Directed by: David Yates
Written by: Steve Kloves
Starring: Daniel Radcliffe, Emma Watson, Rupert Grint, Tom Felton, Michael Gambon, Jim Broadbent, Helena Bonham Carter, Alan Rickman
Released: 2009 / Genre: Fantasy-Adventure / Country: UK/USA / IMDB
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David Yates again takes the director’s chair for the sixth instalment of the Harry Potter series. As Harry returns to Hogwart’s school of wizardry for another year of teenager angst and dark magic, director Yates has the difficult task of adapting J.K. Rowling’s overlong and exposition-heavy novel. Harry Potter and the Half-Blood Prince always felt like a prelude to something else in its literal form, as if Rowling knew how she wanted to end her saga but was unwilling to start that conclusion with her sixth book. The film is much the same. It’s a solid effort with some wonderful moments and fantastic production design, score, and special-effects, but Yates with writer Steve Kloves, can’t overcome the novel’s inadequacies. For a book that is based far too much in flashback and back-story, the Half-Blood Prince as a movie, feels a little disjointed, rushed in places and overcooked in others. Yates goes to the ever-blossoming talent of Rupert Grint’s comic sidekick, or Emma Watson’s teenage lust and broken heart to create some character-driven forward momentum, but it detracts from the underlying battle between good and evil. A battle that Rowling unfortunately presents in the book as a series of dream-induced flashbacks that, had Yates featured in their entirety, have made for a very long (even longer than its current two hours forty) film.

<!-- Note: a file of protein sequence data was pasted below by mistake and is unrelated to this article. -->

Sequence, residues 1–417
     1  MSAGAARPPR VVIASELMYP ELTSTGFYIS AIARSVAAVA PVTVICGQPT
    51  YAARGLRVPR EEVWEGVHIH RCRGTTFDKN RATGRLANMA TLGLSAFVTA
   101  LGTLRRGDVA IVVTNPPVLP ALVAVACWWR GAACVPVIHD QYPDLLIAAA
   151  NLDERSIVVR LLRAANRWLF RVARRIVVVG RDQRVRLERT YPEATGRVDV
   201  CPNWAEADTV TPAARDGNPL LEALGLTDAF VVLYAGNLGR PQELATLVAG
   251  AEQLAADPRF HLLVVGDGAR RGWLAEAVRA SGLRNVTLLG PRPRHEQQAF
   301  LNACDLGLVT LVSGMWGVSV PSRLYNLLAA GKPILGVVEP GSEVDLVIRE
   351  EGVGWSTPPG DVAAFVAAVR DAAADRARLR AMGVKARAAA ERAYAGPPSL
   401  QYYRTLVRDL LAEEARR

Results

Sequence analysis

Essentially, The Half-Blood Prince as a book and a film, is an introduction to a grander concluding story. As such, it never distances itself from a sense of the episodic. It also doesn’t work as well as the other films in the series as a stand alone story. It expects that you already know what has happened previously, beginning as it does, only hours after the Order of the Phoenix ended. New viewers therefore will feel immediately alienated, and the lack of a consistent plot which doesn’t end satisfactorily, will leave newcomers scratching their heads. Die hard fans of the books will complain Yates left out too much exposition, while fans primarily of the movies (of which I count myself) will begrudge a missed opportunity to make a film that distanced itself from a book that was always going to be troublesome to adapt.